Everyone struggles in life at one time or another, and life’s journey has many ups and downs, twists and turns. Traumatic experiences often involve a threat to life or safety, but any situation that leaves you feeling overwhelmed and isolated can be traumatic, even if it doesn’t involve physical harm. It’s not the objective facts that determine whether an event is traumatic, but your subjective emotional experience of the event. Remember, trauma is an injury that happens to us.
Our trained professionals have experience helping clients who have experienced trauma, just like Ellie.
Traumatic events can be defined as experiences that put either a person or someone close to them at risk of serious harm or death. These can include:
- Road accidents
- Violence/prolonged abuse
- Natural disasters
- Serious illnesses
What happens when you experience a traumatic event?
When you experience a traumatic event, your body’s defenses take effect and create a stress response, which may make you feel a variety of physical symptoms, behave differently and experience more intense emotions. Some symptoms that may occur are:
- Raised blood pressure
- Increased heart rate
- Increased sweating
- Reduced stomach activity (loss of appetite)
This is normal. Directly after the event people may also experience shock and denial. This can give way over several hours or days to a range of other feelings such as sadness, anger and guilt. Many people feel better and recover gradually.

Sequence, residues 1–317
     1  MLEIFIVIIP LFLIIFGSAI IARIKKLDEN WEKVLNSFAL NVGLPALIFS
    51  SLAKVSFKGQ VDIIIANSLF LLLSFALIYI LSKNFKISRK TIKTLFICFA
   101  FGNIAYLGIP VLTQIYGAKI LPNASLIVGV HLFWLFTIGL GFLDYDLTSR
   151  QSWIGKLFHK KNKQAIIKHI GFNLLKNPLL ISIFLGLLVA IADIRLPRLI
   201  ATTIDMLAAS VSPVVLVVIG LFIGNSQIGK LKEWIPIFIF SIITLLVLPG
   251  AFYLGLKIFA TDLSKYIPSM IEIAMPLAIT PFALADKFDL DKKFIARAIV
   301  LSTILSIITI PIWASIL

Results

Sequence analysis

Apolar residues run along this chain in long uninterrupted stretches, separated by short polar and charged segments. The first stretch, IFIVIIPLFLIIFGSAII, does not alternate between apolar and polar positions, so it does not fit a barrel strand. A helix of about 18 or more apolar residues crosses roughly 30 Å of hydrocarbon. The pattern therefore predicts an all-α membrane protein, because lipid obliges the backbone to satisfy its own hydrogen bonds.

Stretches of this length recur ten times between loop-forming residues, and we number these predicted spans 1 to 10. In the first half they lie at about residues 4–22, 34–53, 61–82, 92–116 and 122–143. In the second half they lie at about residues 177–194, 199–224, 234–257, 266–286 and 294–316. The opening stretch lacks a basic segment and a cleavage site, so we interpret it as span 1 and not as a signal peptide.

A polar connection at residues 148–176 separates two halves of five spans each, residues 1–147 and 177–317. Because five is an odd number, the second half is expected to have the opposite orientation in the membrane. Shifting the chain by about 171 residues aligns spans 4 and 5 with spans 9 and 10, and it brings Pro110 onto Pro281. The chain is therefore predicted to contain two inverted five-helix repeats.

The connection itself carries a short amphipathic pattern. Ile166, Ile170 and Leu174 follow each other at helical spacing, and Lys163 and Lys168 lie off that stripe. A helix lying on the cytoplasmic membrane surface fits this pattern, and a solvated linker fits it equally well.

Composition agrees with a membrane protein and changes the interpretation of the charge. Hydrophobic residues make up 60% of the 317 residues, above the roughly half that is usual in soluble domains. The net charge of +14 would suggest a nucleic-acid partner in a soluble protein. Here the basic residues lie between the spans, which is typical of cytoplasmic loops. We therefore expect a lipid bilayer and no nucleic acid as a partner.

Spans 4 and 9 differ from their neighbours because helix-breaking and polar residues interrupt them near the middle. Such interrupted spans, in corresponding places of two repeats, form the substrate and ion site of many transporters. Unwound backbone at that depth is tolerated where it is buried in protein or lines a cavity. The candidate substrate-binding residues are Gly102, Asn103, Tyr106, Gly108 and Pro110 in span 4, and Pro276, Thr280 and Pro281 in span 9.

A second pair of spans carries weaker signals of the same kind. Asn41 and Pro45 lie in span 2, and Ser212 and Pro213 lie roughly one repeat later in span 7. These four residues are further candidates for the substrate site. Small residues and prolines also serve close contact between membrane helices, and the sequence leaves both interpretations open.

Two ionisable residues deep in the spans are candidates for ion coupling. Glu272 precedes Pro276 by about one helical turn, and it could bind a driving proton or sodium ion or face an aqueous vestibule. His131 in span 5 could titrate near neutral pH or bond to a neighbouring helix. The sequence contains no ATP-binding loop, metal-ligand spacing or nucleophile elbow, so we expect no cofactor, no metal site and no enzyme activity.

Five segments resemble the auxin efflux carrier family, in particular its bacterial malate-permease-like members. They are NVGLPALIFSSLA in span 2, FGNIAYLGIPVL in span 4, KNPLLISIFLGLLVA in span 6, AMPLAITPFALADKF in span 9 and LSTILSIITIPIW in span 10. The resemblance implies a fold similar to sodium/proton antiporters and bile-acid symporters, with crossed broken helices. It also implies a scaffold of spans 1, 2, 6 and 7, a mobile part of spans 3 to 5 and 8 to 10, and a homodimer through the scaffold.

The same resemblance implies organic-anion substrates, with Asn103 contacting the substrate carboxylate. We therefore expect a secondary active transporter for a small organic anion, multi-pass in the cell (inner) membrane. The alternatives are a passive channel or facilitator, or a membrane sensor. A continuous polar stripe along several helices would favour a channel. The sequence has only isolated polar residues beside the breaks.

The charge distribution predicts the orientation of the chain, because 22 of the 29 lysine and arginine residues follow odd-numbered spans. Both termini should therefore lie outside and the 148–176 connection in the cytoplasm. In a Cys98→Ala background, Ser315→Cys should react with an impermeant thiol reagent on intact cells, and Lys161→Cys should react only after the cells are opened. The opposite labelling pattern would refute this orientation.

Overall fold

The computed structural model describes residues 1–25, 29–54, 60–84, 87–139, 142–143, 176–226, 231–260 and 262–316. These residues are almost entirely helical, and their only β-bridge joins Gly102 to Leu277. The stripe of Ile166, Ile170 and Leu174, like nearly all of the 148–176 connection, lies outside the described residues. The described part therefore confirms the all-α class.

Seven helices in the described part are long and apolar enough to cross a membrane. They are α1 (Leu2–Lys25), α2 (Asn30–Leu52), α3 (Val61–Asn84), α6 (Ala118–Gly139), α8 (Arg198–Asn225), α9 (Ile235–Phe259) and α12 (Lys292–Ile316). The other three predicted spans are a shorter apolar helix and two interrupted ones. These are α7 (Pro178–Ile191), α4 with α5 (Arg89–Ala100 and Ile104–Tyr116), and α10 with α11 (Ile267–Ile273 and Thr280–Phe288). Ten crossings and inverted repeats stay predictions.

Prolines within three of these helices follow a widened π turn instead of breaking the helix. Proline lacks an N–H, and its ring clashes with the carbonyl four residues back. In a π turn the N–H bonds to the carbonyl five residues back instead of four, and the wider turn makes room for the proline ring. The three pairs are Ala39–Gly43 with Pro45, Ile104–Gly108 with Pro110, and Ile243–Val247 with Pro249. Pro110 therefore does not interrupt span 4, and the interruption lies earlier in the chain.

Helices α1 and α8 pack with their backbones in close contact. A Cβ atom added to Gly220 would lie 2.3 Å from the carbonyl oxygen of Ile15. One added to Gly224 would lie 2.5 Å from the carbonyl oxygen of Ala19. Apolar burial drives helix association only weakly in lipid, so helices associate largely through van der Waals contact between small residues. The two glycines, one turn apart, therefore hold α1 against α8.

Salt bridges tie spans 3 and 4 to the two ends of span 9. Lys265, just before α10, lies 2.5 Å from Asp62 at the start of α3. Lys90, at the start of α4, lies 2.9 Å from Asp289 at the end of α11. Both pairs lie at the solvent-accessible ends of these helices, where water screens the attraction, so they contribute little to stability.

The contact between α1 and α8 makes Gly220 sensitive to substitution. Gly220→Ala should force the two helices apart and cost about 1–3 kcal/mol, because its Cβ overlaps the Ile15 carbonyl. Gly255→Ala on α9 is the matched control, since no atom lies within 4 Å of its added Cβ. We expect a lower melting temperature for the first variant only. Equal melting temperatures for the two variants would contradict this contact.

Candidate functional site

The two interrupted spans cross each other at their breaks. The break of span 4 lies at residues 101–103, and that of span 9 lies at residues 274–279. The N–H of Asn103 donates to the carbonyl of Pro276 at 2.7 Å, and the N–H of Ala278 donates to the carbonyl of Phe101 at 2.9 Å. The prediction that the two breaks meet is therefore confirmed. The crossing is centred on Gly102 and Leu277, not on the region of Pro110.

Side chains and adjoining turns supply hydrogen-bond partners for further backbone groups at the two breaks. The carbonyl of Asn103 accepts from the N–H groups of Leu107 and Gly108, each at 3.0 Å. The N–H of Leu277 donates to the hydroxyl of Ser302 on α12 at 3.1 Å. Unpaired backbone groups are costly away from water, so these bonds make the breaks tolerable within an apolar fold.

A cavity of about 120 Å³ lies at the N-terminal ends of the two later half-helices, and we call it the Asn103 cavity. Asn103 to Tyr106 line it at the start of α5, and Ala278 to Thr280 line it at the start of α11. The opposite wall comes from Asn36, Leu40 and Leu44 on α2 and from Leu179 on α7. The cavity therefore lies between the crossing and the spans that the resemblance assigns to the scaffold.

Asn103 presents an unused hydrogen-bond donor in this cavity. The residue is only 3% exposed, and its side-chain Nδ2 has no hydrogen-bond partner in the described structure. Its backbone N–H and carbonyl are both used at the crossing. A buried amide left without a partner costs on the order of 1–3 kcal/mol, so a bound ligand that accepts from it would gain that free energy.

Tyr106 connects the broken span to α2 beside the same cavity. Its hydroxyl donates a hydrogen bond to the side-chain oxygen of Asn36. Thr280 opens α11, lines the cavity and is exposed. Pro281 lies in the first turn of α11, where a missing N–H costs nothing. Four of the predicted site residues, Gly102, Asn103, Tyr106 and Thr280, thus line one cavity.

If these feelings persist, they can lead to more serious mental health problems. If these feelings are persisting, contact us today to schedule an appointment.
Many of our clinicians have advanced training in specific therapy models, including:
- Eye Movement Desensitization and Reprocessing (EMDR): EMDR involves reprocessing memories that have essentially become stuck in the brain. Sessions involve stimulating the hemispheres of the brain through visual, auditory, or tactile means until the memory is less disturbing and more positive thoughts and beliefs replace the prior negative thoughts and belief.
- Child-Parent Psychotherapy (CPP): CPP is a child-parent focused, evidence-based treatment for children ages birth to 6 years of age who have early trauma histories. The approach involves the primary care provider and child together in treatment.
- Trauma-Focused Cognitive Behavioral Therapy (TF-CBT): TF-CBT is an evidence-based treatment for children and adolescents impacted by trauma and their parents or caregivers. The child and caregiver learn new skills to process thoughts and feelings around the traumatic experience. TF-CBT can resolve a broad array of emotional and behavioral difficulties associated with trauma, including PTSD.
For more information or to make an appointment to see a counselor, contact The Village Family Service Center.